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Copyright Dame Kathleen Kenyon, Plate 2 from "Excavations at Sutton Walls, Herefordshire 1948 - 1951".


The name Walls refers to the great man-made embankments which surround an area of 29 acres on top of the hill. Before they were made the hill was a fairly flat topped, steep sided feature - the remains of ancient river terrace above the River Lugg

Underlying the flat top and above the red marls which are exposed on its slopes is a layer of gravel.  The gravel fragments are of a similar size and are well rounded suggesting that they had been transported there by water.  The gravel comes mainly from the catchment area of the Rivers Lugg, the Teme and the Onny.  At that time, the Teme and the Onny were tributaries of the Lugg which flowed southward through Herefordshire and the gravels were deposited as part of a vast flood plain at a time well before the ice of the last glaciation spread over the western part of the county. Since then the present valley of the Lugg has been cut, leaving a remnant of the former flood plain as Sutton Walls.

Although at its highest Sutton Walls is only about 100 metres above sea level, at various points on the footpath that encircles the Camp there are extensive views towards South Herefordshire, the Brecon Beacons and Black Mountains, Shropshire, and the Malverns. There are numerous paths from both Sutton St Nicholas and Marden that lead up to the "Walls". Two thirds of the plateau is scrubland (this covers the old quarry and landfill areas), the remainder is agricultural land. Many people use these footpaths. We hope to open up views and improve the footpaths as part of the Conservation Management Plan.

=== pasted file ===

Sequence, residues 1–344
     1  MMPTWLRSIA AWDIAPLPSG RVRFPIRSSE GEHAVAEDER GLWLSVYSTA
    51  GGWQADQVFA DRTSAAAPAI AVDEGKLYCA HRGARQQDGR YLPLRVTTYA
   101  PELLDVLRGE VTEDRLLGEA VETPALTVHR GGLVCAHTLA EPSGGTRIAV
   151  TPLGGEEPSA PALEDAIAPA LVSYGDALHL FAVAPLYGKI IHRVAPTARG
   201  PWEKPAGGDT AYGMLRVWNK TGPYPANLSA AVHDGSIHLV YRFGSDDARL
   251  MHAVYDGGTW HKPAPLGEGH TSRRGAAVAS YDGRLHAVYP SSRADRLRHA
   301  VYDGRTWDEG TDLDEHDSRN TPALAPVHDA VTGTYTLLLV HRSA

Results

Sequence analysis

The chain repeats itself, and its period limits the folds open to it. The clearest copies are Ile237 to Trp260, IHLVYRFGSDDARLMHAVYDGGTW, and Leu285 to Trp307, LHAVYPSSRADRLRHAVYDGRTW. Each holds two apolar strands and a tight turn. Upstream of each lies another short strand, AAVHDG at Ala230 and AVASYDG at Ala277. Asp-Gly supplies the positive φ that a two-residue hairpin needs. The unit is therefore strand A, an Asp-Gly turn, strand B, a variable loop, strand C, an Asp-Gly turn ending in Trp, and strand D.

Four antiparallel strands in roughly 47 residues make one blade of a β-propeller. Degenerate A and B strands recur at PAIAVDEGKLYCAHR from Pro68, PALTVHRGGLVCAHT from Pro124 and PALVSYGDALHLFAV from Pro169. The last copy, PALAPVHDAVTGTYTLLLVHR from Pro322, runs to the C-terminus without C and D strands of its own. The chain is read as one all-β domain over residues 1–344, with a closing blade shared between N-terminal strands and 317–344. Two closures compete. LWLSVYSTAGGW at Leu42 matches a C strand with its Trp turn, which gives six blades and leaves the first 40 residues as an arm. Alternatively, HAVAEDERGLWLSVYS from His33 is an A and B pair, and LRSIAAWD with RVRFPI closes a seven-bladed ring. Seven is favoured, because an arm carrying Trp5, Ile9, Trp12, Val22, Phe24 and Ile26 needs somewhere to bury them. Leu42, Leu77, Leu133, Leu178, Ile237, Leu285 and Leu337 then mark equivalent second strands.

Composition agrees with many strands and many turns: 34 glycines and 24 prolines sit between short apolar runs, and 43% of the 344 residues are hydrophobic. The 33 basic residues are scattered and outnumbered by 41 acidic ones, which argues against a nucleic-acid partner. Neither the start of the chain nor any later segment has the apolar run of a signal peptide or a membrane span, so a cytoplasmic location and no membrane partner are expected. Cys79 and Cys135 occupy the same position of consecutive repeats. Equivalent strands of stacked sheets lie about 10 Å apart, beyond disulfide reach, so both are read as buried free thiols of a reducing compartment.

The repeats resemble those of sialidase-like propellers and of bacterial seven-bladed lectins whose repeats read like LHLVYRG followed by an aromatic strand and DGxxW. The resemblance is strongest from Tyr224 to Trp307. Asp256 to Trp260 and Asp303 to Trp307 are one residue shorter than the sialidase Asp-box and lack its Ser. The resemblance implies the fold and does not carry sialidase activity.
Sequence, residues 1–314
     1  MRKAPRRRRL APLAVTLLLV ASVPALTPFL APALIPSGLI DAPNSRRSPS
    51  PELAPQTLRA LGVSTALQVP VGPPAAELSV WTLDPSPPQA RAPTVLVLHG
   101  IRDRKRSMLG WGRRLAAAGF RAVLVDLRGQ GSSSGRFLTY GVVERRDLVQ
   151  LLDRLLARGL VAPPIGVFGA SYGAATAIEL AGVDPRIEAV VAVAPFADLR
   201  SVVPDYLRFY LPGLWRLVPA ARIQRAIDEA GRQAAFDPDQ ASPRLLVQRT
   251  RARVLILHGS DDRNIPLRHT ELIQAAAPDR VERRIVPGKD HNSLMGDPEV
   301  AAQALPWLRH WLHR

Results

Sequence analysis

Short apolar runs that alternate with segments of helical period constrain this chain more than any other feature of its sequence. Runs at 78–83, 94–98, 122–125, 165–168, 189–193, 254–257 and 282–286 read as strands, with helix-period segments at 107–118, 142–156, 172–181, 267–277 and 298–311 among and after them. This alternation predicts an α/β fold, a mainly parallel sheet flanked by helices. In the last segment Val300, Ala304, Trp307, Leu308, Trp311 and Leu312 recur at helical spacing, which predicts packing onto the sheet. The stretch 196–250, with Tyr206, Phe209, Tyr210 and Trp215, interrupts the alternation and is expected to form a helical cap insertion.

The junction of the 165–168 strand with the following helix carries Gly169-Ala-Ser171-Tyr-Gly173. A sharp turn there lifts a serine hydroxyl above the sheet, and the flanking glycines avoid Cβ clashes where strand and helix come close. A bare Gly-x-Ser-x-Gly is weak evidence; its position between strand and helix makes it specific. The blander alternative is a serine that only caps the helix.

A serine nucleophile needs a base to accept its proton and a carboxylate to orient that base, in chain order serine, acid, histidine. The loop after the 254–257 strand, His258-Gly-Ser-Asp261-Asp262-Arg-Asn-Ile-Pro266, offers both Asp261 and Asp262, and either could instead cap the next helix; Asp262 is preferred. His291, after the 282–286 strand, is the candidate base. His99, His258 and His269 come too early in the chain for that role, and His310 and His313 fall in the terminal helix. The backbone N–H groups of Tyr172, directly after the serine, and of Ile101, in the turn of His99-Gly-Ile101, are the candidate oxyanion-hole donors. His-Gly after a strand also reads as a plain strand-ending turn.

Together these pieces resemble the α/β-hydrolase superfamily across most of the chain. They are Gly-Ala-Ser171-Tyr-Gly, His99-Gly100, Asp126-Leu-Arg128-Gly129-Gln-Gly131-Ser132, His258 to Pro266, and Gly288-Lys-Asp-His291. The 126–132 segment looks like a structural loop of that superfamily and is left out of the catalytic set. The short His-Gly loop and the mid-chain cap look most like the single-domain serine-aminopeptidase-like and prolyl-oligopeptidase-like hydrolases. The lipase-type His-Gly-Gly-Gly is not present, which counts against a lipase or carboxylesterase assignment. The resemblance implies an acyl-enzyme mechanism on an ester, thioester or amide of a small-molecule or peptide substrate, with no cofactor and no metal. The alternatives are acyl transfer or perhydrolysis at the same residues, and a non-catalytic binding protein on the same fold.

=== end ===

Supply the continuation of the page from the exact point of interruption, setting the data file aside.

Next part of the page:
In 1933, Sutton Walls was declared a Scheduled Ancient Monument. By 1935 quarrying for gravel had commenced. This quarrying increased as part of the war effort with much of the gravel reportedly being used at the RAF Credenhill.

Archaeologist Kathleen Kenyon noted that the feature marked on earlier Ordnance Survey maps called the King’s Cellar was known to quarrymen to whom she spoke as an ancient quarry. The King’s Cellar stood untouched at least until the mid 1970s, a fact supported by a landfill worker who reported in 2018 that he had been instructed not to carry out any work in that area.

By the time Kenyon commenced her excavations in 1948 much of the western section had become a shell.


We are fortunate that in her final report Kathleen Kenyon included diagrams of the geology she encountered as she cut the trenches in the western entrance and ramparts.

The illustration at the top of this page reproduces Plate 2 from her report. It shows natural gravel; red gravelly soil; various colours of clay; clay rock and purple sandstone ‘lumps’.

The Conservation Group hopes that, with permission, it will have the opportunity to investigate the soils and geology at the eastern end of Sutton Walls.

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